How courts cope with ALS contractors
A colleague I spoke to a few days ago attended a local magistrates court recently, for the first time since 30th January. To his astonishment, he found that everyone in court - the clerk, the magistrates, the lawyers - spoke extremely slowly and distinctly, trying very hard not to use any complex language - all for the sake of the interpreter! They acted as if they were dealing with a person with learning difficulties and not with a professional interpreter. It was obvious that this was a newly acquired habit as a result of having to work through ALS linguists in the recent months. An example of what looks like more a TV comedy than an English court in the 21st century.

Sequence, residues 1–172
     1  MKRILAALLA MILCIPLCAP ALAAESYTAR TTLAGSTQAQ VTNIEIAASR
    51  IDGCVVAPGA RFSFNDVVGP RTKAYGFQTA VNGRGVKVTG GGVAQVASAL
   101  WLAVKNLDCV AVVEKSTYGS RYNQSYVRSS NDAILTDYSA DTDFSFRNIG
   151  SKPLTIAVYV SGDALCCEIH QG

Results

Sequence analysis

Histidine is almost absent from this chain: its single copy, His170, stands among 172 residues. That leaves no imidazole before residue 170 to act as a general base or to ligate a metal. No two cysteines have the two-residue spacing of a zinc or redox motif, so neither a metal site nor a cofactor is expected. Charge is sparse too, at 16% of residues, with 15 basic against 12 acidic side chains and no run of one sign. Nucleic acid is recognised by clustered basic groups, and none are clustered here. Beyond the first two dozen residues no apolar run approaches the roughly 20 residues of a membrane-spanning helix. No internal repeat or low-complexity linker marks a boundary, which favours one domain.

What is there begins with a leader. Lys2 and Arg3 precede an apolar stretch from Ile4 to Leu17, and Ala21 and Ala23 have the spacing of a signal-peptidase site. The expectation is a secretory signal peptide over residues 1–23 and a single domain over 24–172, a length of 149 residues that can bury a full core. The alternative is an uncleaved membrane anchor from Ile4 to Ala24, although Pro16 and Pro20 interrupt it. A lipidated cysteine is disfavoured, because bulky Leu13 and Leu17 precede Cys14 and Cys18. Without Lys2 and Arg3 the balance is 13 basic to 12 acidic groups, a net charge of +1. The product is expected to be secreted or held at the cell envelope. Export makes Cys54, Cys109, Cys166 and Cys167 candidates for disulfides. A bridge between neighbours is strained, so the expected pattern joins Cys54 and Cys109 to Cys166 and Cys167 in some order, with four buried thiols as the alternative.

Another colleague reports of an interpreter who is registered with ALS but he picks and chooses all his jobs and will cancel an ALS job for a better paid one any time, including if the courts call him direct. And we know that courts continue calling us direct, this is the kind of an "emergency" measure the Ministry of Justice introduced in mid February, two weeks into the start of the ALS contract. More than 4 months later, the emergency measures are still in place. Only how can they be categorised as emergencies for such a substantial period of time? Perhaps it's time to give ALS a chance to prove that they can now fully deliver their "improved" service under the contract?